Bencini may run for mayor
A political veteran from High Point says he’s considering a run for the city’s top elected post.
Guilford County Board of Commissioners Chairman Bill Bencini said he will not seek re-election to the board this year, but may make a bid for the High Point mayor’s seat.
“I haven’t really gotten far enough along in the thought process to make a final decision on it, but there’s no question it’s a possibility,” said Bencini, who served for 10 years on High Point City Council before he was elected to the District 2 commissioners seat in 2010.
The mayor’s seat, as well as all eight council positions, are up for election in November 2014. The filing period for candidates for city elections doesn’t open until July.
Mayor Bernita Sims, who served on council with Bencini for several years, said she hasn’t decided whether she will seek re-election.
“I do like Bill. I think he would make a very good mayor,” Sims said. “Depending on what I do, if I don’t run, he’d be the one I’d support.”
Bencini said he chose not to seek another four-year term on the board after the commissioners’ districts were redrawn by Republicans in the North Carolina General Assembly in 2012.
Under the new maps, District 2, which he represents, takes in much less of High Point than it did when he was first elected.
“When I first ran, I ran to represent High Point and Guilford County. If you look at District 2 now, it would appear I would represent more cows in rural Guilford County than I would people that live in High Point,” said Bencini, who added that he decided a long time ago not to seek re-election for this reason.
Commissioner Hank Henning, who lives in Jamestown, now represents the bulk of the district to which Bencini was originally elected.
Bencini, who for many years has been open about his interest in one day running for mayor of his hometown, said High Point’s election method for city offices may play a role in his decision-making process about whether to run this year. As it stands now, there will be no primaries for 2014 council and mayoral elections, which means there could be an unlimited number of candidates on the November ballot for each seat.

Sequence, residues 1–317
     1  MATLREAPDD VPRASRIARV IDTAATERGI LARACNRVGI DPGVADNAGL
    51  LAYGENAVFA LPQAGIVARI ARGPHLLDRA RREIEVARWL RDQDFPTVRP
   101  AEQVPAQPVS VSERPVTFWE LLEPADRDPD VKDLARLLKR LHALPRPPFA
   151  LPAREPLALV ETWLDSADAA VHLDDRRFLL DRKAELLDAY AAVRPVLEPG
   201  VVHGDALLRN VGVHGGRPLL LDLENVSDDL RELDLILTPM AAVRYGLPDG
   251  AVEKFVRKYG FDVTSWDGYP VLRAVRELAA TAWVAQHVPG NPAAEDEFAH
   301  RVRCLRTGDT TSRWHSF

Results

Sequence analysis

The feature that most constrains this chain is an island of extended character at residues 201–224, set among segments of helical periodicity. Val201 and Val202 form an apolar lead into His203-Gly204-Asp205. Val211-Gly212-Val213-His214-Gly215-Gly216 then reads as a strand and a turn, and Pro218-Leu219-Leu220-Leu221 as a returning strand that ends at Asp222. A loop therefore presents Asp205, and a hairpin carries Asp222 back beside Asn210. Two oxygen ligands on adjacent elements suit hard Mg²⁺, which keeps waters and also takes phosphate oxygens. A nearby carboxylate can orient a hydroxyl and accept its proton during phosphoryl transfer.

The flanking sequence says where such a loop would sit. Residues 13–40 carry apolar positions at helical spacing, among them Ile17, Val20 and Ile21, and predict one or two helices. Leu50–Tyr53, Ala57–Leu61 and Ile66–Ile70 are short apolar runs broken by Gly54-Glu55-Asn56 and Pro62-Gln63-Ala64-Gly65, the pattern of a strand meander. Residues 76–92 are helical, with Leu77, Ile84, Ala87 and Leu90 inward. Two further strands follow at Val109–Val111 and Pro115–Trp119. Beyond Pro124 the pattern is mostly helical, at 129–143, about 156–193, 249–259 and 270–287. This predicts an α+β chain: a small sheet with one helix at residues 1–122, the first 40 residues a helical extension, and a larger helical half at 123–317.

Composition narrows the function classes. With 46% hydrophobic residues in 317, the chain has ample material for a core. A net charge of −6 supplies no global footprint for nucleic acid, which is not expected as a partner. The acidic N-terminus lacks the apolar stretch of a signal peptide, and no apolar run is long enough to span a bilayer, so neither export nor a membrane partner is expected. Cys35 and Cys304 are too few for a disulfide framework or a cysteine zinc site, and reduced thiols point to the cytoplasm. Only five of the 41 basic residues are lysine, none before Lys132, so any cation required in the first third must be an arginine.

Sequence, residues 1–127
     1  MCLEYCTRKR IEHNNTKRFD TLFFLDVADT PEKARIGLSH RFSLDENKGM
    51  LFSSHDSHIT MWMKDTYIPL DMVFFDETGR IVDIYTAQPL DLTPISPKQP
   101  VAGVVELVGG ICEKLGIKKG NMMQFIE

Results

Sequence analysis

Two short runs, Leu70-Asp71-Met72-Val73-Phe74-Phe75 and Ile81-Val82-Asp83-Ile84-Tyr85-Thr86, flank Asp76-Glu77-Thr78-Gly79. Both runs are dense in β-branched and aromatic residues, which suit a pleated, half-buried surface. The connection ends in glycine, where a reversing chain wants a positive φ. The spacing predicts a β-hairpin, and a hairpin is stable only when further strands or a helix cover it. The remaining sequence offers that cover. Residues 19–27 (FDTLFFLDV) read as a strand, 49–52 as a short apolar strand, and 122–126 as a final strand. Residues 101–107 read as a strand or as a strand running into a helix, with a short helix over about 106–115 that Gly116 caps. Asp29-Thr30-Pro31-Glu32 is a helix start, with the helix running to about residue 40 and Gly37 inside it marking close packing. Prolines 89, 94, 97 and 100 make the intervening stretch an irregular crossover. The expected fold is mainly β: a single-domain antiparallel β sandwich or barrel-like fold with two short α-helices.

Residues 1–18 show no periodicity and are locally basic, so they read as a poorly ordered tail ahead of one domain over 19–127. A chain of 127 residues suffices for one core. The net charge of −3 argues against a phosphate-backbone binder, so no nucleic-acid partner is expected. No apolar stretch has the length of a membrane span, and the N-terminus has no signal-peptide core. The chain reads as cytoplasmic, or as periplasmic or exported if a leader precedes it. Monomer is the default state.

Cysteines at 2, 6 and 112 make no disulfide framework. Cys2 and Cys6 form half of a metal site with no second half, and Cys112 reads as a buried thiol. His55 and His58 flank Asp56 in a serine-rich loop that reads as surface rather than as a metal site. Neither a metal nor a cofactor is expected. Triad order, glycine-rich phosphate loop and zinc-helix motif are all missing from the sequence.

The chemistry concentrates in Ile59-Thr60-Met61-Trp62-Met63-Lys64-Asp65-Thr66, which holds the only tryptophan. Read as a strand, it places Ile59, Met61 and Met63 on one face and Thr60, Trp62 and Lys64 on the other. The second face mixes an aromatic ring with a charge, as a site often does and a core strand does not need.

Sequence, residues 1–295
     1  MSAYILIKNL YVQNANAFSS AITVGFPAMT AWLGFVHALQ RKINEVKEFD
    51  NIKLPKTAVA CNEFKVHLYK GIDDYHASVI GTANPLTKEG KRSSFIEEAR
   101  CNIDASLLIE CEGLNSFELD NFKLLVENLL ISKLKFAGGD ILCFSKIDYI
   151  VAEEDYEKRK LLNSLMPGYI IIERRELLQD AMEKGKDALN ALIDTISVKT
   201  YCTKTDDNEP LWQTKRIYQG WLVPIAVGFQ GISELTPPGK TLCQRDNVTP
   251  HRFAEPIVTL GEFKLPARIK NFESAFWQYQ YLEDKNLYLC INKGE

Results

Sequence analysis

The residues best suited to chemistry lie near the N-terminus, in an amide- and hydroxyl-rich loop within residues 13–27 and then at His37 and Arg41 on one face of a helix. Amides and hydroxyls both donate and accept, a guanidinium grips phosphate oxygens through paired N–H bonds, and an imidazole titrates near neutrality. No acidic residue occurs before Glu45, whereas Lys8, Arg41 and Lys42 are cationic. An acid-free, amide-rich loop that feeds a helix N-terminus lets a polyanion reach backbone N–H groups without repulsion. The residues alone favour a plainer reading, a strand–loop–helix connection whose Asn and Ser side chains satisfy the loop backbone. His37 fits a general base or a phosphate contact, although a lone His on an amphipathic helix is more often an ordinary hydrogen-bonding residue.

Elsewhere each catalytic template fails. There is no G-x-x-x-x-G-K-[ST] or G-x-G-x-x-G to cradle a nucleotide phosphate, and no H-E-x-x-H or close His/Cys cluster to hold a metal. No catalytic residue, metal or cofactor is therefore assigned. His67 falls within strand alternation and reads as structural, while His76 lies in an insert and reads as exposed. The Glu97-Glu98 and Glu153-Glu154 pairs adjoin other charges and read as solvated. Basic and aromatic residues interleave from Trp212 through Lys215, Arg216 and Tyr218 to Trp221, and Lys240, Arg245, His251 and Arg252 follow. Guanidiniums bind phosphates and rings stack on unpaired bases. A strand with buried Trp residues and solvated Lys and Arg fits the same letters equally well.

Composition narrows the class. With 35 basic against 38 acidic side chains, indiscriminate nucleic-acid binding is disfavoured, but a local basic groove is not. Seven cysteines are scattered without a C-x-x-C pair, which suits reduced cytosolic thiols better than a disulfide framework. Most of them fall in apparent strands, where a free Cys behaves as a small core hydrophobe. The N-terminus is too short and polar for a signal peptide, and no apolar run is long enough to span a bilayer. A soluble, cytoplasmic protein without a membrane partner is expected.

Sims won the mayor’s seat in 2012 with 33 percent of the vote in a five-person race.
She is under felony indictment in connection with her handling of a family member’s estate in a case unrelated to her official duties. The case is pending in court. If convicted of a felony, Sims would be barred from holding elected office in North Carolina.
Some council members have proposed bringing back primaries this year for city races, although that is unlikely to happen because of the difficulty with getting state legislation enacted in time.
A city referendum is scheduled for November 2014 on the question of whether to institute primaries and change city elections from even- to odd-numbered years.
If the referendum passes, the changes wouldn’t take effect until the 2017 elections.
“I think you’re going to have multiple people run, so I need to gauge the strength of support I might be able to garner in the city,” Bencini said. “Depending on who runs, you would have to look at the different ways the votes can be split up. I need to give that some more thought.”
Sims said, “If we were to run against each other, I don’t think there would be any acrimony involved in it. We would be running for the same purposes and doing what was best for the city.”
Bencini’s pending departure from the board brings to three the number of commissioners who have said they won’t seek re-election this year. Commissioner Bruce Davis of High Point plans to run for Congress while Commissioner Linda Shaw has said she will retire from the board.